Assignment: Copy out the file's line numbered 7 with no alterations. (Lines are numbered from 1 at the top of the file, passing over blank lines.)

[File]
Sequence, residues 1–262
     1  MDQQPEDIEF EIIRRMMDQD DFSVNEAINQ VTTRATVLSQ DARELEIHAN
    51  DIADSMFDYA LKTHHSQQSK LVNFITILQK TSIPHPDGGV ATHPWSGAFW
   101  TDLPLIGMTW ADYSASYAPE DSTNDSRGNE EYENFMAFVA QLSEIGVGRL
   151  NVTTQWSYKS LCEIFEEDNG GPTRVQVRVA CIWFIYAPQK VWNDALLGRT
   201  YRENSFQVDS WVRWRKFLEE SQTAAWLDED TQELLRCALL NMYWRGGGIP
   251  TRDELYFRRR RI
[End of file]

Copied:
   251  TRDELYFRRR RI